Adi ibn Hatim

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Adiyy ibn Hatim ( عدي ابن حاتم الطائي ) was a leader of the Arab tribe of Tayy, and one of the companions of Muhammad. He is the son of the poet Hatim al-Tai[1] who was widely known for his chivalry and generosity among Arabs. Adi remained antagonistic to Islam for about twenty years until he converted to Islam from Christianity[2] in 630 (9th year of Hijra).[3]

Adiyy inherited the domain of his father and was confirmed in the position by the Tayy people. A great part of his strength lay in the fact that a quarter of any amount they gained as booty from raiding expeditions had to be given to him.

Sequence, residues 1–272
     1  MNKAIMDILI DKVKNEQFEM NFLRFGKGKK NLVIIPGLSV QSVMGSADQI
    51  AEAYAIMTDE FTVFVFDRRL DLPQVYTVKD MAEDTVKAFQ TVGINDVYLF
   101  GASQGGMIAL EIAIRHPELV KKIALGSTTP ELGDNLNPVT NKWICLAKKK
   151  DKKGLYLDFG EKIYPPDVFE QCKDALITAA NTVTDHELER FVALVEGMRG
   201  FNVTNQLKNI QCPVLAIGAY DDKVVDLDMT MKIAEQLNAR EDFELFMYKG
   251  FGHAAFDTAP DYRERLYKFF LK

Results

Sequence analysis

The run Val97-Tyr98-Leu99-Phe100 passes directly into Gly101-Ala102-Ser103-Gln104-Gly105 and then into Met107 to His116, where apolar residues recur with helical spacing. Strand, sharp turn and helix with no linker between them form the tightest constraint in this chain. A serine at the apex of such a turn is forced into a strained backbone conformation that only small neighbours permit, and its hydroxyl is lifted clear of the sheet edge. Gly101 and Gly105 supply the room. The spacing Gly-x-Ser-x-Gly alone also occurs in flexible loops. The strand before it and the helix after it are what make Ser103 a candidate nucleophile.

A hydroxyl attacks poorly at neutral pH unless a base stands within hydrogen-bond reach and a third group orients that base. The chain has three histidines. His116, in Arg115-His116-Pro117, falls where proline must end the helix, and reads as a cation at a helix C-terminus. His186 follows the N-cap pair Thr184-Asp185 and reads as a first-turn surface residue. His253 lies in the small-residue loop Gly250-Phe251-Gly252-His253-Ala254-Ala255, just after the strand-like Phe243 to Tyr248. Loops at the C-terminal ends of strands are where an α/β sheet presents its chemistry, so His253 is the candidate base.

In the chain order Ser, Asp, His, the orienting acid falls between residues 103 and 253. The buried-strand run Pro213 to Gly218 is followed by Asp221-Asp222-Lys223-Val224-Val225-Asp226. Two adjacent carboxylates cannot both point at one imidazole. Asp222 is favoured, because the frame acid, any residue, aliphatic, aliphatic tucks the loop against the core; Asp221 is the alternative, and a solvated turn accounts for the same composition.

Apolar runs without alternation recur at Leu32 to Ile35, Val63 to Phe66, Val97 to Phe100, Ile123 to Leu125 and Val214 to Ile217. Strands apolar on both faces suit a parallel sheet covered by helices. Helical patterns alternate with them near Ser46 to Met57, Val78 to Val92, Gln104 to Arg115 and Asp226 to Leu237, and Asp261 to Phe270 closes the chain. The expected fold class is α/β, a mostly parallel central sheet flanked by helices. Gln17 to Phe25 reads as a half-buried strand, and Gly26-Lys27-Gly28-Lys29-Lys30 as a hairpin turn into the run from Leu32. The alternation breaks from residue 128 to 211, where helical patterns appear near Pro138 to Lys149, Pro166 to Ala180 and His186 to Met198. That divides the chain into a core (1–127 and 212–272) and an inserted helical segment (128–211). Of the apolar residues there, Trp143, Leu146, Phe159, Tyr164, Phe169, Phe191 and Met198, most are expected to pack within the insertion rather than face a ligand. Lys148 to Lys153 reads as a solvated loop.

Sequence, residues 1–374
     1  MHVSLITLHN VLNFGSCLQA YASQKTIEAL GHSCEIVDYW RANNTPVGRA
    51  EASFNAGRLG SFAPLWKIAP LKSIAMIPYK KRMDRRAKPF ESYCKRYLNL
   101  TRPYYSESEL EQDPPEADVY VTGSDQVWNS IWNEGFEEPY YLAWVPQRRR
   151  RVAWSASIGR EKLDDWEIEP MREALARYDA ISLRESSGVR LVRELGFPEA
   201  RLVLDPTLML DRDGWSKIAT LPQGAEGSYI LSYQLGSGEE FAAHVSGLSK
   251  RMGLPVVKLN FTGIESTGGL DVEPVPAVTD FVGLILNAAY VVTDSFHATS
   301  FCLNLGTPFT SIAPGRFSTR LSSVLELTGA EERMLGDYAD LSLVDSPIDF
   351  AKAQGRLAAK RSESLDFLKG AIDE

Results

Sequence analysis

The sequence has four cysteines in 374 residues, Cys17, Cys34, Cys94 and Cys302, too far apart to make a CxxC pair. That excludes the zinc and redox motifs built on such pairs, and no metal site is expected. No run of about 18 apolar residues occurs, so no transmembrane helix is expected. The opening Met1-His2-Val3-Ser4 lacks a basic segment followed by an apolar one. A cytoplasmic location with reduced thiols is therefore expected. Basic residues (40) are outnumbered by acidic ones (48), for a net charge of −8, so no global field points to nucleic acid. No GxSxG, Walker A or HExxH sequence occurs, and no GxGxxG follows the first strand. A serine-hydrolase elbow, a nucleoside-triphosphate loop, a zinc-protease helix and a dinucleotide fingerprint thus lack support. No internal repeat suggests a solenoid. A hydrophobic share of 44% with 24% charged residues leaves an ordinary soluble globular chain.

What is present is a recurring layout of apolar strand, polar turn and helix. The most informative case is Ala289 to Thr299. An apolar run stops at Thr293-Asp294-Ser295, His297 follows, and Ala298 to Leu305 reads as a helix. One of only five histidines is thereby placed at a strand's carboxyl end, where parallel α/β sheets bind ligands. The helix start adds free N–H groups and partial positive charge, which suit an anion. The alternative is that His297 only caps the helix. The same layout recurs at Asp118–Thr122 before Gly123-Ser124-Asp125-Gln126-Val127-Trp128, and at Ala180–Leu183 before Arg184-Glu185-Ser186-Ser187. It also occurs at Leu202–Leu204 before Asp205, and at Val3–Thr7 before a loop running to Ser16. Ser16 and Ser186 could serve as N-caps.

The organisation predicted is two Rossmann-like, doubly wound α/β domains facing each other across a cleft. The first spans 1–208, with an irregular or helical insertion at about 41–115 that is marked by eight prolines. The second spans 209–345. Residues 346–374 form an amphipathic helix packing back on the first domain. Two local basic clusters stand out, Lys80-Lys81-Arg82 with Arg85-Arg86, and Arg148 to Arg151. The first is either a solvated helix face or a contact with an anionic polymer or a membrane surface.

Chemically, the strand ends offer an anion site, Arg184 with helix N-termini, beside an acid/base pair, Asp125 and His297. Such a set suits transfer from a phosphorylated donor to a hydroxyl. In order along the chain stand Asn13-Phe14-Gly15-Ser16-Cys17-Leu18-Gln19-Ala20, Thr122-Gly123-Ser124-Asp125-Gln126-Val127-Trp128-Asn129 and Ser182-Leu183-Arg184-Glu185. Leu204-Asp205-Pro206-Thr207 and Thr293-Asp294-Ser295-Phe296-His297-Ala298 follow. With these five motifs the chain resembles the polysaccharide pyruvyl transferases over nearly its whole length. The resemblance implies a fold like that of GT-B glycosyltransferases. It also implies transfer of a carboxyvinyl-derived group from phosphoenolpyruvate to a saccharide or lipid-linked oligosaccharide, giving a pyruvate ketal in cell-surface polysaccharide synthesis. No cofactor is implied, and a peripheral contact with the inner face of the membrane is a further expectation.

Adi joined the Islamic army at the time of caliph Abu Bakr. He fought wars of revolt against the apostates and also was a commander of the Islamic army sent to invade Iraq under the command of Khalid ibn al-Walid. He also fought on the side of the final Rightly Guided Caliph, Ali ibn Abi Talib, at the Battle of Camel and Battle of Siffin.

References[edit]

  1. ^ The Living Prophet by Syed Sulaiman Nadvi. pp. 106
  2. ^ Mohammed and the Rise of Islam By David Samuel Margoliouth. pp. 437-438
  3. ^ Muhammad: The Messenger of Islam By Hajjah Amina Adil. pp. 530